Wow. The Peter Silberman-led Brooklyn trio has made a crushingly beautiful and sad concept album - a short story of bad dreams and realities even harsher, set to gauzy, poignant indie rock. A cancer-ward patient has every right to be miserable, and she is, lashing out at the person who gives her care. In his almost weeping falsetto, Silberman explains on the unforgettable Kettering: "Because you've been abused by the bone that refused you, and you hired me to make up for that." There is a disguised tinge of doo-wop on the dynamic Sylvia, which alludes to the suffering, suicidal poet of that name. The album's shimmering, white-noise sonics add an antiseptic tone; the mood is daunting. If this disc, issued earlier in the year independently, does not affect you in some profound way, check your own vital signs. Brad Wheeler
The Antlers play Toronto's Horseshoe Tavern on Thursday.
Man on the Moon:
The End of Day
Sometimes where you're from matters as much as what you do. KiD CuDi (Scott Mescudi) raps in an introspective, self-deflating way ("I try to run, but see, I'm not that fast"), records with lush strings or with electronica guys such as Ratatat (who feature in the standout single Alive), and flirts with sounds and styles that we're used to hearing from Vangelis or Barry White. In CuDi's hip-hop community, all this looks revolutionary. His much-anticipated debut album does indeed contain many thought-provoking moments, in its lyrical content and blithe skill at juggling so many different modes. Where I keep running aground is on the blank tedium of his melodies, and the lack of any brio in his delivery. He must have the flattest sense of rhythm of any rapper alive. Perhaps he should go the opposite way to Kanye West: Drop the rapping and songwriting, and just concentrate on production.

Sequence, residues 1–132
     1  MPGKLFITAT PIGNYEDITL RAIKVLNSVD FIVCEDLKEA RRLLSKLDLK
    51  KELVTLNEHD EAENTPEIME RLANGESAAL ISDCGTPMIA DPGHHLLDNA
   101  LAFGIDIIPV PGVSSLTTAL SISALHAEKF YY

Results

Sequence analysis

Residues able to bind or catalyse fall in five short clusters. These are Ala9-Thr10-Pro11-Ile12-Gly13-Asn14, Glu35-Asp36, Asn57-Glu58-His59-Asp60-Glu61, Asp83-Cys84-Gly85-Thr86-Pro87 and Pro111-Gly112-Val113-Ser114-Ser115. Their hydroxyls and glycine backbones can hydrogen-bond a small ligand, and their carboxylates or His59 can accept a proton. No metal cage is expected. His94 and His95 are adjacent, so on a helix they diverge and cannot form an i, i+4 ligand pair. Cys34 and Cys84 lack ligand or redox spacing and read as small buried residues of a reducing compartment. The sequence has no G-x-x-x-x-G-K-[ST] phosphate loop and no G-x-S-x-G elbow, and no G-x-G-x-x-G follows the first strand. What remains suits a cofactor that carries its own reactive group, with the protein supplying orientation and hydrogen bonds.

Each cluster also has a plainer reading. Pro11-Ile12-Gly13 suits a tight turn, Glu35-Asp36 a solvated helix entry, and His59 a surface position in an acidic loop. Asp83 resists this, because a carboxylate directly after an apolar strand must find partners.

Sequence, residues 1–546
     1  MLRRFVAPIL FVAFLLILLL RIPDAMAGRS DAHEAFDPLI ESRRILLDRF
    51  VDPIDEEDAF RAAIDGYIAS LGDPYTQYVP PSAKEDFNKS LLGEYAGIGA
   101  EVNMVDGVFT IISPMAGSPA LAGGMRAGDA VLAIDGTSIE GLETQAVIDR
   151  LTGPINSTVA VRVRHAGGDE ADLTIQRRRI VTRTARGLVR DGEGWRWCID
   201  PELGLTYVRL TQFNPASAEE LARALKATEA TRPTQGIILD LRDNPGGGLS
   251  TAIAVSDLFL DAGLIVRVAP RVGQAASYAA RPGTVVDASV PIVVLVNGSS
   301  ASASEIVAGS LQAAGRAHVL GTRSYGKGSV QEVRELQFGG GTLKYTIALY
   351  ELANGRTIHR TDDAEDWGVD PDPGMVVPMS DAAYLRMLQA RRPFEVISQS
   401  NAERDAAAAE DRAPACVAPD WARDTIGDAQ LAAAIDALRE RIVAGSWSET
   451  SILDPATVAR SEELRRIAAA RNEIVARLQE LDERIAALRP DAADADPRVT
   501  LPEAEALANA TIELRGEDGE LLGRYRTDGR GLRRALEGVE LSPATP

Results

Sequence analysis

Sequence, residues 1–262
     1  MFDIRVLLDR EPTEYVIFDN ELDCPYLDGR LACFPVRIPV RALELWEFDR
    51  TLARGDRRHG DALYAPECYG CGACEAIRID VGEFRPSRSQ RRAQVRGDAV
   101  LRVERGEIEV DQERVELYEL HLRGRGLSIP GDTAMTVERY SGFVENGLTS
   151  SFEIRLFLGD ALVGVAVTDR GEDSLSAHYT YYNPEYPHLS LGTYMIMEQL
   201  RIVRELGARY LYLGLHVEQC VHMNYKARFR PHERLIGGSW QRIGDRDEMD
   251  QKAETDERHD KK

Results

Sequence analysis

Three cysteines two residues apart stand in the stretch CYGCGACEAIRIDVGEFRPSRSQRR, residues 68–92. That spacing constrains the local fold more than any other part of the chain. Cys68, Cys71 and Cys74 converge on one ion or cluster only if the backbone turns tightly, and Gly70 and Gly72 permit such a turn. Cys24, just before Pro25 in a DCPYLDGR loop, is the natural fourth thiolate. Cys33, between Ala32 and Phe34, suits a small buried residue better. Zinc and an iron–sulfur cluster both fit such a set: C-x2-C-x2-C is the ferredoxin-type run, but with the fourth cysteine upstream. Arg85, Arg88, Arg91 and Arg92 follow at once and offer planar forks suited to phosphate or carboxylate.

There's no shortage of amusing gambits on this album by Toronto trio Toca Loca, of composed responses to all things pop. Aaron Gervais's Shoot Like a Film Star animates a snippet of junk e-mail text with energetic flourishes of voice and instruments (pianos and percussion), reinventing Dada for the spam age. Andrew Staniland's Made in China worries over small musical aggregates while we soak in a phrase that contains a world of consumer goods. Juliet Palmer's Five riffs on a song by Alanis Morissette, sending up pop's insistence on repetition by writing canons that step on each other's heels. Nicole Lizée's Promises, Promises is a slippery, sharp-edge rumination on the passage of stylistic time, while other composers cut and rearrange elements of pop song structure. Nobody can resist the urge to complicate pop, though what would be really interesting would be to write something that's as simple as pop, but that says more. R.E.-G.
Toca Loca plays Vancouver's Western Front on Oct. 15.